Before we go into how to set up your r DNS, let’s have a brief discussion of how email receivers use it, at the other end, to identify who is sending them email.
NOTE: The below discussion is highly technical, and you can skip it if you like, and go straight to the section ‘How to Configure r DNS‘.
Then, you simply flip around the IP address at the dots. Of course, that is a lot of typing, which is why there are options that cut right to the chase: system_prompt$ dig -x .226 … Instead of flipping the IP address at the dots, we’ll do that at each hexadecimal digit of the uncompressed IPv6 address.
So, if you want to find out the r DNS for the IP address `.226`, you would simply turn it around on the dots (this is actually referred to as an “octet boundary”) and tack the `in-addr.arpa` at the end before issuing your lookup for a matching PTR record, like so: system_prompt$ dig ptr 226.2. So, in order to look up the name corresponding to the IPv6 address `2607:f8b02:c01::6a`, one would have to type in this command: system_prompt$ dig ptr \ a.184.108.40.206.0.0.0.0.0.0.0.0.0.0.0.1.0.c.0.2.0.0.4.0.b.8.f.220.127.116.11.ip6
This is true for businesses that send out their own email, as well. There has been a lot of discussion about the value — or lack of — checking r DNS as part of the checks that mailbox providers perform routinely.
Being pragmatic, your role is actually about getting your email to the inbox, so let’s focus on passing that test.
It is impossible to continuously test if this guide still works because I can’t possibly afford to buy a new Fire TV or Fire TV Stick every time Amazon updates the software version that their devices leave the factor with.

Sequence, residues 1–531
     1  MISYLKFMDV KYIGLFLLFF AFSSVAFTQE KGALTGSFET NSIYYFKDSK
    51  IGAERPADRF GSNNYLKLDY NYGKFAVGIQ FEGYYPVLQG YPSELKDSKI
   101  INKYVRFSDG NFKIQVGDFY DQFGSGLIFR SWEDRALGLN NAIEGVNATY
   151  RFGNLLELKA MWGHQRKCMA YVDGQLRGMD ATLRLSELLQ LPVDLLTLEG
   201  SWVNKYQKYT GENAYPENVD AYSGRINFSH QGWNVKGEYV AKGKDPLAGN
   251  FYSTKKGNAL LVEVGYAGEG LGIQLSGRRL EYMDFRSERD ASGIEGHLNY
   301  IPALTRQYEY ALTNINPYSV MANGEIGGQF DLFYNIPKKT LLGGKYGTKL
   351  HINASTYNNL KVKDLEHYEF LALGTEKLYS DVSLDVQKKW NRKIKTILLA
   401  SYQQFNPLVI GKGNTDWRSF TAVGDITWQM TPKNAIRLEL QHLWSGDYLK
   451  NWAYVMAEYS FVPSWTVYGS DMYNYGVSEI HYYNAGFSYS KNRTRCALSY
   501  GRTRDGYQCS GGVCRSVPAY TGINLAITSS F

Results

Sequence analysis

Now you can thank the developers of `dig` for adding the `-x` shortcut, thus shortening it to system_prompt$ dig -x 2607:f8b02:c01::6a A note about Time to Live (TTL) DNS is a worldwide, distributed and highly available database.
Its scalability — its ability to operate at the scale it does — depends on the extensive use of caching.
That is, client computers query “recursive caching name servers” that in turn query other servers until they are able to provide a suitable response.
At that point, they store a copy of such response, just in case the same query comes later.
For example, a TTL of 258835 seconds, or almost 3 days, would mean that if you were to change that PTR record, you would have to wait for as many as 3 days before the change would be visible everywhere on the Internet. For email deliverability purposes, you’ll want to make sure that your r DNS — or reverse resolution — matches the forward resolution.